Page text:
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Rachmaninoff: The Bells, Symphonic Dances, Symphony No. 2 / Bychkov, Wdr Sinfonieorchester

Rachmaninoff / Wdr Sinfonieorchestre / Bychkov
Release Date: 10/30/2007 
Label:  Arthaus Musik   Catalog #: 101439  
Composer:  Sergei Rachmaninov
Conductor:  Semyon Bychkov
Orchestra/Ensemble:  Cologne West German Radio Symphony Orchestra
Number of Discs: 2 
Recorded in: Stereo 
Low Stock: Currently 3 or fewer in stock. Usually ships in 24 hours, unless stock becomes depleted.  
DVD:  $29.99
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Notes and Editorial Reviews

Picture Format: NTSC 16:9
Sound Format: PCM Stereo / Dolby Digital 5.1
Menu Languages: English, German, French, Spanish
Subtitle Languages: English, German, French
Running time: 136 mins (performances) + 119 mins (documentaries)
Region code: 0 (All regions)
Picture Format: NTSC 16:9
Sound Format: PCM Stereo / Dolby Digital 5.1
Menu Languages: English, German, French, Spanish
Subtitle Languages: English, German, French
Running time: 136 mins (performances) + 119 mins (documentaries)
Region code: 0 (All regions)
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Works on This Recording

1. The Bells, Op. 35 by Sergei Rachmaninov
Conductor:  Semyon Bychkov
Orchestra/Ensemble:  Cologne West German Radio Symphony Orchestra
Period: Romantic 
Written: 1913; Russia 
2. Symphonic Dances, Op. 45 by Sergei Rachmaninov
Conductor:  Semyon Bychkov
Orchestra/Ensemble:  Cologne West German Radio Symphony Orchestra
Period: Romantic 
Written: 1940; USA 
3. Symphony no 2 in E minor, Op. 27 by Sergei Rachmaninov
Conductor:  Semyon Bychkov
Orchestra/Ensemble:  Cologne West German Radio Symphony Orchestra
Period: 20th Century 
Written: 1906-1907; Russia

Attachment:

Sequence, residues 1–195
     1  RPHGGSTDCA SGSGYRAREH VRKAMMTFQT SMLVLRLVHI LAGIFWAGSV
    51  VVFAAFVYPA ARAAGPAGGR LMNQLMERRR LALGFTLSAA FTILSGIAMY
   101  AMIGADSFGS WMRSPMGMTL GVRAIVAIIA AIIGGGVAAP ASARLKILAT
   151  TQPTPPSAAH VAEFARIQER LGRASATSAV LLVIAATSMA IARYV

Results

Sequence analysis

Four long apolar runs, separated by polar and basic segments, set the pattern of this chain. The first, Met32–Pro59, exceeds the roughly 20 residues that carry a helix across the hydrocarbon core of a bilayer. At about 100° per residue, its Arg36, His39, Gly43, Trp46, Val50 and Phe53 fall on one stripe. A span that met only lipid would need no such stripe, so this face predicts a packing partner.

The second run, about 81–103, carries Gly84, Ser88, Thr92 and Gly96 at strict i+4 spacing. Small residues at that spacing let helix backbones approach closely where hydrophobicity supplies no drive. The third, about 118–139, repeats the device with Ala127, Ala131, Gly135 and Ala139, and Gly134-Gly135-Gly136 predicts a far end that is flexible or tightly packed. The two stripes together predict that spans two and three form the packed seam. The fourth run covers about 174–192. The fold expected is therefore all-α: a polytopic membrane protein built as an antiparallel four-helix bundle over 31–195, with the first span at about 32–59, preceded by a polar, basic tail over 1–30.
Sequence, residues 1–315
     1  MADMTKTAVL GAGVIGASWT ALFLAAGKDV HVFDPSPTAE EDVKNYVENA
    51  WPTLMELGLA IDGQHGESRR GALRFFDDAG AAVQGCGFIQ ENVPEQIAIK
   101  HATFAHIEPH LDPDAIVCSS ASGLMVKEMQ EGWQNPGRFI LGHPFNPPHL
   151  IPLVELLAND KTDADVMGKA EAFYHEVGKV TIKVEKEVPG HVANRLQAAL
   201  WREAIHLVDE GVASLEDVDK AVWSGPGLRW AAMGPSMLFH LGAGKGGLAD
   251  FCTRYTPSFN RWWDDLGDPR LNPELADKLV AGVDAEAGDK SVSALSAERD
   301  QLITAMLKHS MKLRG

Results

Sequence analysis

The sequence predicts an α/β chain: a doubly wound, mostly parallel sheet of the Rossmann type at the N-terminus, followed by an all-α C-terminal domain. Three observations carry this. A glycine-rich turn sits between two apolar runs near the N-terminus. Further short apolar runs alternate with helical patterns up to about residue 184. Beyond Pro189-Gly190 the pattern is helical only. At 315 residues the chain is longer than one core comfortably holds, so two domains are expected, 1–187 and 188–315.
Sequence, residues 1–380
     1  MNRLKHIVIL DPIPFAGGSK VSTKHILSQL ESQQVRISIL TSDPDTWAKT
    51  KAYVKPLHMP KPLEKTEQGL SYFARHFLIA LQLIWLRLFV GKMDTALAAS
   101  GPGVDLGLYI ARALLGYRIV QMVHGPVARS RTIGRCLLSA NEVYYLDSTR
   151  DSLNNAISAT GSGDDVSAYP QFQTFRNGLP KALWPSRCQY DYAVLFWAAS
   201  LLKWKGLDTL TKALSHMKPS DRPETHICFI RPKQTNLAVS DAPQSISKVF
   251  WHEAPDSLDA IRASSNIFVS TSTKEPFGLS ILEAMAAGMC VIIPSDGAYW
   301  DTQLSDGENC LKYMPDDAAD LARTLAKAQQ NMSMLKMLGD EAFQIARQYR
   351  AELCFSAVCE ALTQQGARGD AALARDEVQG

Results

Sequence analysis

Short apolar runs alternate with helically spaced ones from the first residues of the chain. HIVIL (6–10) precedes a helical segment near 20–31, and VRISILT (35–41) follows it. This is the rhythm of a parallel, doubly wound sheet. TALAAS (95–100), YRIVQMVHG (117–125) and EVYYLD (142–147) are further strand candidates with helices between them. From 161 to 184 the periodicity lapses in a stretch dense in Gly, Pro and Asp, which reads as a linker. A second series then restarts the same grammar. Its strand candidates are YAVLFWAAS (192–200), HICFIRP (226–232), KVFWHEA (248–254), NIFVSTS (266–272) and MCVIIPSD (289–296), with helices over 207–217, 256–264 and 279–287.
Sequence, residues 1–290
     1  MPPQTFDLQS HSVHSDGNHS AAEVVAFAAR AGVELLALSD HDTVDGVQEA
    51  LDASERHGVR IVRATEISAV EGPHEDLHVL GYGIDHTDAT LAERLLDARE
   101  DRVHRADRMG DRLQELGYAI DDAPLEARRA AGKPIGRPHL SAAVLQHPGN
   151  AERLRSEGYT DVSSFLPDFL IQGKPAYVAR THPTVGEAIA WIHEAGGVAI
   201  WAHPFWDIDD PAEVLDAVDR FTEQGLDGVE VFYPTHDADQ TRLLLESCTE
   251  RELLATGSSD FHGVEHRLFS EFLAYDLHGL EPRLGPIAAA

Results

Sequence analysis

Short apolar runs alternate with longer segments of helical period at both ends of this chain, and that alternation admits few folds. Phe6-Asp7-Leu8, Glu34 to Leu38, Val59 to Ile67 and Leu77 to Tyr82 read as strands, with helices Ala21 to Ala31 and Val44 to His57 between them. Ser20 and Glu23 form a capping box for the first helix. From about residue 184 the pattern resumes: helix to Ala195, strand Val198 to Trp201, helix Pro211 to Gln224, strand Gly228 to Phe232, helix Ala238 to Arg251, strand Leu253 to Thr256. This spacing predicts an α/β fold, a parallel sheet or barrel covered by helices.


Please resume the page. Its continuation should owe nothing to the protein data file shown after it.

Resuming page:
Customer Reviews

Average Customer Review:  1 Customer Review )
 The Real Russian Thing March 5, 2013 By W. Craig (Broomfield, CO) See All My Reviews "A Russian playing Russian music is often something special. We blase Westerners may often look down on Tchaikovsky, Rachmaninov, et al., but the Russians take their great composers very seriously. Bychkov is no exception. His German orchestra is outstanding, with a rich, warm sound, impeccable technique, and especially fine wind players, and Bychkov imbues them with a real Slavic passion. The performance of the Second Symphony is one of the most unabashedly romantic I've ever heard, on the level of the Previn's standard-setting recording. Needless to say, it's uncut. Bychkov's emotional commitment and the fine, idiomatic singing of his Russian soloists make "The Bells" a memorable experience; the chorus is also excellent. I only wish the subtitles hadn't used the bad old metrical translation printed in the score instead of a more accurate one. "Symphonic Dances" is entirely convincing, and the orchestra gets to show off its virtuosity. The documentaries are rather interesting. I enjoyed Bychkov's thoughts on Rachmaninov; I was impressed by his knowledge and his impeccable English (and impeccable German in the rehearsal excerpts). The rest of the documentaries feature various members of the orchestra discussing their personal lives as orchestral players, sometimes interesting, sometimes less so. Unlike some reviewers, I wasn't bothered by the lack of an audience or by the casual attire for two of the performances. I doubt if the intensity of conducting and playing would have been greater in the presence of an audience. Thoroughly recommendable." Report Abuse
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